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Hyperserotonemia: Deciphering Genetic Risk Using the Oldest Biomarker in Autism

Friday, 3 May 2013: 17:15
Meeting Room 3 (Kursaal Centre)
J. S. Sutcliffe1, L. K. Davis2, E. L. Crawford3, E. Kistner-Griffin4, N. G. Campbell5, H. C. Prasad6, S. J. Guter7, B. Li3, R. D. Blakely3, N. J. Cox2 and E. H. Cook8, (1)Vanderbilt Brain Institute, Vanderbilt University, Nashville, TN, (2)Genetic Medicine, University of Chicago, Chicago, IL, (3)Vanderbilt University, Nashville, TN, (4)Biostatistics and Epidemiology, Medical University of South Carolina, Charleston, SC, (5)Molecular Physiology & Biophysics and Vanderbilt Brain Institute, Vanderbilt University, Nashville, TN, (6)Pharmacology, Vanderbilt University, Nashville, TN, (7)University of Illinois at Chicago, Chicago, IL, (8)Psychiatry, University of Illinos at Chicago, Chicago, IL
Background: Multiple lines of investigation implicate serotonergic dysfunction as an etiological factor in ASD. Neurochemistry, neuroimaging of serotonin (5HT) synthesis, tryptophan depletion, 5HT agonist stimulation, and efficacy of potent 5HT transporter (SERT) inhibitors all support this “serotonin hypothesis”. While highly genetic, the architecture of genetic risk is highly complex, involving hundreds of genes, with both rare (inherited and de novo) and common variants contributing to overall risk. We focus on the serotonin system as an approach to tease apart ASD genetic liability armed with subject serotonin levels in blood as a biomarker to inform diverse genetic studies.

Objectives: To identify ASD genetic risk factors and that subset acting to influence development and regulation of the serotonin system as evidenced by high levels of 5HT in ~35% of cases.

Methods: We assembled a wide range of genetic and statistical techniques to analyze our ACE cohort, in addition to larger existing samples that permit identification of risk loci using novel approaches with greater power. We recruited, phenotyped and determined blood [5HT] for more than 250 families. Genotyping and Sanger sequencing was conducted for loci most central to serotonin regulation. Select families with hyperserotonemic probands were used for whole exome sequencing (WES) to reveal novel de novo and inherited variants that in turn point to networks or pathway relationships, and specific molecules that contribute to both hyperserotonemia and ASD risk. Novel SERT coding variants were functionally assayed to test for effects on activity and regulation. We used larger datasets to test for potential enrichment of (expression) eQTLs and (methylation) mQTLs amongst the most associated loci, along with recent efforts to test for the ability of common variation to account globally for ASD liability and eventually variance in blood serotonin levels. CNV analyses were conducted by genotyping probands on high-density Illumina SNP arrays, and CNV prediction conducted using CNVision, which combines multiple algorithjms to increase predictive value of CNV calls. Putative CNVs were validated by qPCR in the entire family to determine de novo or inherited status.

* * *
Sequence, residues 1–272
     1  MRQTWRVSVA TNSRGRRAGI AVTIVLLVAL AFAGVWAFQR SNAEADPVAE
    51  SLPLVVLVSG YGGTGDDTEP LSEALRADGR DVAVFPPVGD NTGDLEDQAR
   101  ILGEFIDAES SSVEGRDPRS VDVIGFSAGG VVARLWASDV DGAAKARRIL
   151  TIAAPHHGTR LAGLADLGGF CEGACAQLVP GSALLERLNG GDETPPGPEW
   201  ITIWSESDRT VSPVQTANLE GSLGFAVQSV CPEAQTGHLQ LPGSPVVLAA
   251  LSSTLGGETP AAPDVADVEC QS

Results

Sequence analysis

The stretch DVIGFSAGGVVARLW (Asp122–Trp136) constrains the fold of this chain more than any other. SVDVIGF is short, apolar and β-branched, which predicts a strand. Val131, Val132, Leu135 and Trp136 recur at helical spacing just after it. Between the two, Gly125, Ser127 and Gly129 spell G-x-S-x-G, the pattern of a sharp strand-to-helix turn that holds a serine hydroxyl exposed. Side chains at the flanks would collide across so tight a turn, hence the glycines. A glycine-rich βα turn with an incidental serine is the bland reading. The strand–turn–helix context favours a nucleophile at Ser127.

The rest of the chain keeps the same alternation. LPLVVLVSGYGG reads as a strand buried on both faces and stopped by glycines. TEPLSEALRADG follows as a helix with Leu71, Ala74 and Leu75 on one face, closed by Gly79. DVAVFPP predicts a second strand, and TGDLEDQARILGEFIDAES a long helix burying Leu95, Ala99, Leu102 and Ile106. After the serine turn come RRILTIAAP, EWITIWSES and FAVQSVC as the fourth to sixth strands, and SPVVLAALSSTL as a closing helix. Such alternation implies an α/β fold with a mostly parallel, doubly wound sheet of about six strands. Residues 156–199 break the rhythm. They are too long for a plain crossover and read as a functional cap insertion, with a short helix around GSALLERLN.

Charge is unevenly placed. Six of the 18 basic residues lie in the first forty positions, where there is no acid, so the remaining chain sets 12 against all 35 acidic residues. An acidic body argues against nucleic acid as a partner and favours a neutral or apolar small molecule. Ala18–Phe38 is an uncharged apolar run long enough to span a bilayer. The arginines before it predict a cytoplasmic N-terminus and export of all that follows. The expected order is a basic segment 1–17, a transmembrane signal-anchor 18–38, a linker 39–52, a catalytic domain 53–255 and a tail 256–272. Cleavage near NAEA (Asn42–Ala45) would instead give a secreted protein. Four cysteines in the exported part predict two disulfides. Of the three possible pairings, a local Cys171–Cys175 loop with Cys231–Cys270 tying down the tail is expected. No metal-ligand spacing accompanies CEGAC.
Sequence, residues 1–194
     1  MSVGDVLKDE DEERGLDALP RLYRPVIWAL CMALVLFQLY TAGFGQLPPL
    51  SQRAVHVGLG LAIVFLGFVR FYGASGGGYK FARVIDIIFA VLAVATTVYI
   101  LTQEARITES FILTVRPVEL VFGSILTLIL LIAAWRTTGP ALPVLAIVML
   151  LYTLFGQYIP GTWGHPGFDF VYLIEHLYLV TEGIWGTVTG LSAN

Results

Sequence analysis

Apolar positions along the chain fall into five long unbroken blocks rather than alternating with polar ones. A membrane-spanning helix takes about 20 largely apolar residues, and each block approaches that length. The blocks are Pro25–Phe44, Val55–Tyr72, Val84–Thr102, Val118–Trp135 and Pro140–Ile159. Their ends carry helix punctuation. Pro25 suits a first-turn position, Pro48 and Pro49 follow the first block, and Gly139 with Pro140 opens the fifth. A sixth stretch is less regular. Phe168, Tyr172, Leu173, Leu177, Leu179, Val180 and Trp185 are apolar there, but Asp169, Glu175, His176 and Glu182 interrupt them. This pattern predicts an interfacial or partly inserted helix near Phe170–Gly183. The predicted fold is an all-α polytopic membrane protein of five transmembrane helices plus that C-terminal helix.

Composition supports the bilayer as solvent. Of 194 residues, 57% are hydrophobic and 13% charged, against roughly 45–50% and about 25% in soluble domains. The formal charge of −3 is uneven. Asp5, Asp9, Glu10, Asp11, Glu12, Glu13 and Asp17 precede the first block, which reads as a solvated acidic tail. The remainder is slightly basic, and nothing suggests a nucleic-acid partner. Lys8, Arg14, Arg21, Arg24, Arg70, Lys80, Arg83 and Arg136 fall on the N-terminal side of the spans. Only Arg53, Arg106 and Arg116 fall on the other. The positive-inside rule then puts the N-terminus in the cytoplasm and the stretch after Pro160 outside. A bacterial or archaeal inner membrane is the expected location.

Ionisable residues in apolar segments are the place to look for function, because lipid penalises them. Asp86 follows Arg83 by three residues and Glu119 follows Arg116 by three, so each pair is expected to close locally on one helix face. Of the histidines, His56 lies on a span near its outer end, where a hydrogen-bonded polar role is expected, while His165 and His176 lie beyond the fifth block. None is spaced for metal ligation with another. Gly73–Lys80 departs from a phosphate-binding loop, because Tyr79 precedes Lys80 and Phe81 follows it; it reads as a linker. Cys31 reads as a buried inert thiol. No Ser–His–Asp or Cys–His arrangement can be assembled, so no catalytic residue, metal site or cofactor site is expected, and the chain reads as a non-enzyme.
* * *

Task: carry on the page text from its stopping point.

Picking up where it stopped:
Results: We detected two novel functional coding variants in SERT, one of which displayed elevated activity and related phosphorylation and constitutive activation of p38MAP kinase, a critical regulator of SERT. Another variant showed hypomorphic function. Analysis of de novo and inherited variants from WES of hyperserotonemic families has putatively identified molecular pathways such as integrin signaling, extracellular matrix (ECM)-receptor interactions, and focal adhesion as important functions contributing to serotonin-related risk factors in ASD. Numerous CNVs have been identified, and these both reinforce known risk loci and nominate new genes as being ASD risk factors. Using large ASD datasets, we observed a significant enrichment of brain eQTLs amongst the most ASD-associated genes.

Conclusions: The sum of our findings continues to highlight the 5HT system as being an important in harboring ASD risk loci, and that discovery from exome sequence and other data will permit us to better understand ASD risk factors, their interrelationships and that subset that relates to the role of dysregulated 5HT signaling in ASD risk.

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